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SiliconCore curved LED wall chosen for flagship digital art install

SiliconCore Common Cathode LED technology has been installed in the lobby of the OUE Tower in Los Angeles, creating a 38.5m x 5.2m curved LED videowall, claimed to be the West’s largest digital art feature.

The OUE Tower in Los Angeles, formerly the US Bank Tower, re-opened on 25 June in 2016, and features the West’s tallest open-air observation deck.

Artist David Niles of Niles Creative Group (NCG) designed the lobby, which reflects LA’s surrounding culture and history and features the LED-based digital art installation. The LED wall has a pixel resolution of 8,500 x 1,440, which adds up to more than 12.2 million pixels. It is claimed the wall is capable of displaying a photo realistic image so clear, that it appears to be three dimensional, creating the highest resolution digital art LED display west of the Mississippi.

At nearly half the length of an American football field, the LED screen not only dominates the lobby, but can also be experienced by the public from the street. NCG’s content delivery system uses artificial intelligence to change the flow of music and visuals to mimic the movement of pedestrian traffic within the lobby.

David Niles specified SiliconCore’s 4mm pixel pitch LED diode and driver system, which proved ideal for the viewing distance of visitors in the building, and SiliconCore was the only manufacturer capable of achieving the building curator’s sustainability target. The video content was captured in 4K, 6K and 8K resolution, and includes extensive scenes that capture the essence of LA’s culture and history. Andrew Gumper, AG Light and Sound, was responsible for the entire installation, including support structure fabrication.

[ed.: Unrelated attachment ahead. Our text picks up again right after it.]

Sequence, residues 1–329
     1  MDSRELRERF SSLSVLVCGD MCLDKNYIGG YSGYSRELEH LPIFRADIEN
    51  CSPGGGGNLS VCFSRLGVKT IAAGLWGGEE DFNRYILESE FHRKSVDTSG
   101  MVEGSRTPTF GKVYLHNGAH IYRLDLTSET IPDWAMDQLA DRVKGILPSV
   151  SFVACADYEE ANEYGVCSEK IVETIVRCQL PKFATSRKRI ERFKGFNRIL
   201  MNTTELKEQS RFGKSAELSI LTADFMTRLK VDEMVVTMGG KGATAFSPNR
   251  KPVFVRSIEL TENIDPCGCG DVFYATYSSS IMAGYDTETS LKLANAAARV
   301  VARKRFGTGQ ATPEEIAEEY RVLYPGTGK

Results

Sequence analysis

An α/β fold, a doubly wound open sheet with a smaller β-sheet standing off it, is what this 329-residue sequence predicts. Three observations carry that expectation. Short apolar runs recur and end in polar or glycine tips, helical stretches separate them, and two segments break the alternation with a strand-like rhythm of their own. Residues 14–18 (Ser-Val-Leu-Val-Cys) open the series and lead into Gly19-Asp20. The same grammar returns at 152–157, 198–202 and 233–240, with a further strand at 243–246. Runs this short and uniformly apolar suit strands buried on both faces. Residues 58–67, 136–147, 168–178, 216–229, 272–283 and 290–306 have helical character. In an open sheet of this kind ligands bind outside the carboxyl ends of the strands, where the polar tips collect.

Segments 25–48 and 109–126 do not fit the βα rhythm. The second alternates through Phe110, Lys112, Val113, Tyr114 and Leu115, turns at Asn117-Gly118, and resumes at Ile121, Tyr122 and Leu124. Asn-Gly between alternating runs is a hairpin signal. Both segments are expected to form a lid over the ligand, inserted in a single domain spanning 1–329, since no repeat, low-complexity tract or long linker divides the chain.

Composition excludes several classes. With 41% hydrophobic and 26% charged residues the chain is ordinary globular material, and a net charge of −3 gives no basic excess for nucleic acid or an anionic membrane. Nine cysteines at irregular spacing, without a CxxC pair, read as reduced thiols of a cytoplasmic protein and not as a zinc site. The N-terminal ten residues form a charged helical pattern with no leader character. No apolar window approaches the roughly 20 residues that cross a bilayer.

As project designer, David Niles explained: “This truly spectacular installation and our ambitious content requirements have been brought to life in the most compelling way, with absolutely no seams due to the nature of LED.

“SiliconCore’s Common Cathode LED was also the only display technology whose power consumption was low enough to make this installation possible, as power and subsequent heat generation were mission critical requirements. They are also one of the few manufacturers whose driver chip development is happening at the same speed as the pixel pitch reductions, allowing us to use the display at its full 2,000 nit brightness and still have perfect flowing imagery. Their technology features a high speed LED driver pixel clock, ensuring outstanding performance in maintaining consistent 2,000Hz refresh rates, which was critical for displaying such demanding content.”

“Innovative clients and projects continue to drive us towards developing the technology to meet the demands of the most discerning designers such as David Niles,” noted Eric Li, CEO of SiliconCore. “These remarkable designers push the envelope of creativity, and we partner with them to push innovation forward with large scale fine pitch direct view LED displays.”

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